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Kyle, A Man Who Thought He Had Sore Throat Was Later Diagnosed With Hiv And Is Now Urging People To Get Tested.

Kyle Dallape, a marketing director from California, US, posted on TikTok that he thought he had a sore throat but that nothing was wrong.

He was later diagnosed with strep throat, a bacterial infection, by his doctor.

The 27-year-symptoms old’s worsened, with weight loss, oral thrush, swollen lymph nodes, and the bacterial infection reappearing twice.

After losing 30 pounds, he realized something was wrong.

He had been tested for HIV a few weeks prior to his initial diagnosis, and the results were negative, so he didn’t think his symptoms were related.

In June 2018, he was diagnosed with the virus after additional testing, which devastated him.

Kyle exclaimed, “My worst nightmare had come true.”

“My parents, friends, and now-fiancee all played important roles in getting me started on treatment and realizing that my life wasn’t over.”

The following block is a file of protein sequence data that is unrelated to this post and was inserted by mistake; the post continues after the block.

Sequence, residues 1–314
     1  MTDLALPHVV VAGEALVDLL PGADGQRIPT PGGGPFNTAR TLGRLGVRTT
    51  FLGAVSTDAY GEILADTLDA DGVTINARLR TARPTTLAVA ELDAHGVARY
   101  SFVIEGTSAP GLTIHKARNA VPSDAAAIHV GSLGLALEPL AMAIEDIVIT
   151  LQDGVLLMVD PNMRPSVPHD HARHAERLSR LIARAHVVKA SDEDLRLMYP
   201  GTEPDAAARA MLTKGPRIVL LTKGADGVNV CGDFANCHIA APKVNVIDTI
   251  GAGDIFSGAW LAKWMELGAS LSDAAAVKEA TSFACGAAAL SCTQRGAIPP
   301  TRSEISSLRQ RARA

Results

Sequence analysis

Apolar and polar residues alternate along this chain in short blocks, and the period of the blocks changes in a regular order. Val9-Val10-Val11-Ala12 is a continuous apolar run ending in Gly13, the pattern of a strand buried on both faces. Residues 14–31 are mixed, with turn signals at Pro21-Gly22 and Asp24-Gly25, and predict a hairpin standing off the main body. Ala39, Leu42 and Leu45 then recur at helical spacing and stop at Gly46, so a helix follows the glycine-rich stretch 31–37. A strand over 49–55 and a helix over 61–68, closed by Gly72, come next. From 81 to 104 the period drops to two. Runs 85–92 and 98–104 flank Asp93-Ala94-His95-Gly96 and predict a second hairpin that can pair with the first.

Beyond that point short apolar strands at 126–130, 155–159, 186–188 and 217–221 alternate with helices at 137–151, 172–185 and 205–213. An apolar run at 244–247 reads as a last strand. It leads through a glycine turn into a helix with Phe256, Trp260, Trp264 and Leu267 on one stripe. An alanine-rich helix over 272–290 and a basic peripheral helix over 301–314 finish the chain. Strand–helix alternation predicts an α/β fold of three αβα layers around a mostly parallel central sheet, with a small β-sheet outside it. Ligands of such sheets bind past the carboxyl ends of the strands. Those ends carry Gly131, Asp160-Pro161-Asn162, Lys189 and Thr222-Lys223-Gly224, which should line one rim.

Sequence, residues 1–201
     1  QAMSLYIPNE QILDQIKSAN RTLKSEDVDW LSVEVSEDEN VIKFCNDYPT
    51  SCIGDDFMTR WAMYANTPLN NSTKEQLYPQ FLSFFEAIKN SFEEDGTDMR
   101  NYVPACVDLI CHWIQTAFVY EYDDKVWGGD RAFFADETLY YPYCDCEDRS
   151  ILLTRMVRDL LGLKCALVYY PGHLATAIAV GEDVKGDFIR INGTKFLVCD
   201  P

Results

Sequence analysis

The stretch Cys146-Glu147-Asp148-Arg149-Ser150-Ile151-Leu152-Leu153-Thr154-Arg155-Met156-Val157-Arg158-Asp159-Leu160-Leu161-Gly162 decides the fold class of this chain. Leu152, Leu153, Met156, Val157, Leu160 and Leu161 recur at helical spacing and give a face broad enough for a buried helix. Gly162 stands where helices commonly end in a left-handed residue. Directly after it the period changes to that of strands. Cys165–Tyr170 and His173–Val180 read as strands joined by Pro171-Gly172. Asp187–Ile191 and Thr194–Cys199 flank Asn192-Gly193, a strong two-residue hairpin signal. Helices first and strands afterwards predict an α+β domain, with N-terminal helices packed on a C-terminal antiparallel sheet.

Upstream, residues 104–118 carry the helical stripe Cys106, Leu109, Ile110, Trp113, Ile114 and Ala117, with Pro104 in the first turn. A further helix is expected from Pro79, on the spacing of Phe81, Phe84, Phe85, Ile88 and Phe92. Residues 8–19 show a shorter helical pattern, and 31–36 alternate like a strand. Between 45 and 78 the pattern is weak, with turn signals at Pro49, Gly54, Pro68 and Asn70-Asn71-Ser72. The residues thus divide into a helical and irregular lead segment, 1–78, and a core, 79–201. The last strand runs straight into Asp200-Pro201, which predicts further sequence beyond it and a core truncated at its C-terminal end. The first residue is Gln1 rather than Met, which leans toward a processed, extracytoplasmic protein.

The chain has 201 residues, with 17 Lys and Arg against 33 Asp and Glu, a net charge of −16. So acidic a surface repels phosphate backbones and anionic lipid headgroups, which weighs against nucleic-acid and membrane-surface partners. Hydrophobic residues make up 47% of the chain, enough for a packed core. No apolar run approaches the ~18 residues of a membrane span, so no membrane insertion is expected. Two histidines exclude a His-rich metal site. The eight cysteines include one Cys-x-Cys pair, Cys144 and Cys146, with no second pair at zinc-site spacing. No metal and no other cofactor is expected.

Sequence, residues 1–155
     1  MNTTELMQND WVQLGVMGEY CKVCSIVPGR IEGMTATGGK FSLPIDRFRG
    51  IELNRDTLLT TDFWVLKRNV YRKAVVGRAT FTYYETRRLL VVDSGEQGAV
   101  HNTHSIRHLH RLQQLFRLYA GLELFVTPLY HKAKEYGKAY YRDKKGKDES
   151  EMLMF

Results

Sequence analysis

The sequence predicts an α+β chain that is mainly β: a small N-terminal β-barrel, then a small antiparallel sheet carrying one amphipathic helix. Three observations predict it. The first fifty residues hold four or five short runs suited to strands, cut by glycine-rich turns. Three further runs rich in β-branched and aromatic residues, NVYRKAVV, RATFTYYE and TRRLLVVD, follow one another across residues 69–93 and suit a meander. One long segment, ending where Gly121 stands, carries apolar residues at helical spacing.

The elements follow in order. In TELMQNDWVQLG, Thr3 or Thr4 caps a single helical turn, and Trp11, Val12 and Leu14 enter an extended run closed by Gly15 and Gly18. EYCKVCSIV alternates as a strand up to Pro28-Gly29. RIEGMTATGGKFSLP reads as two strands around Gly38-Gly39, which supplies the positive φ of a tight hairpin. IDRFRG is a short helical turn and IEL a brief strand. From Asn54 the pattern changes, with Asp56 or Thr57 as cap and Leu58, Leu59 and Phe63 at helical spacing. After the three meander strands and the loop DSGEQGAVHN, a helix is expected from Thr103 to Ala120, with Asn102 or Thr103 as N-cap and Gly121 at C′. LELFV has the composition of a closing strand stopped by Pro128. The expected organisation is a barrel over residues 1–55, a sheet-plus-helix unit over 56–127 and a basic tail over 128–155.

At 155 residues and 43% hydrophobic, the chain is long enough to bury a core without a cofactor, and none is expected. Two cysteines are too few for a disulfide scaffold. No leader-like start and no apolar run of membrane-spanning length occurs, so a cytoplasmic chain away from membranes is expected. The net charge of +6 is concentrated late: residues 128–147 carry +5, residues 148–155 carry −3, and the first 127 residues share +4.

“I started Biktarvy, a once-daily HIV treatment pill, a month later, and by November of that year, I had reached undetectable levels of the virus.”

“Since then, my T-cell count has continued to rise, and my viral load has remained undetectable.”

He decided to share his story on TikTok in order to raise awareness and break the stigma surrounding HIV.

Kyle discusses how he lost 30 pounds and could barely walk before having further tests to determine what was wrong in a video that has received one million views and over 163,000 likes.

In the final video, the word “HIV” is written in the center of the screen against a dark background.

“Get tested regularly and ask your partners what their status is!” Kyle captioned the post. “Information is power.”

“HIV is not what it used to be, because modern medicine has come so far – but society has a long way to catch up,” Kyle added.

“I hope that by putting a face to this, I can demonstrate how treatable this disease is and that those who are positive can live long and healthy lives with treatment.”

“It’s time to put an end to the stigma.”

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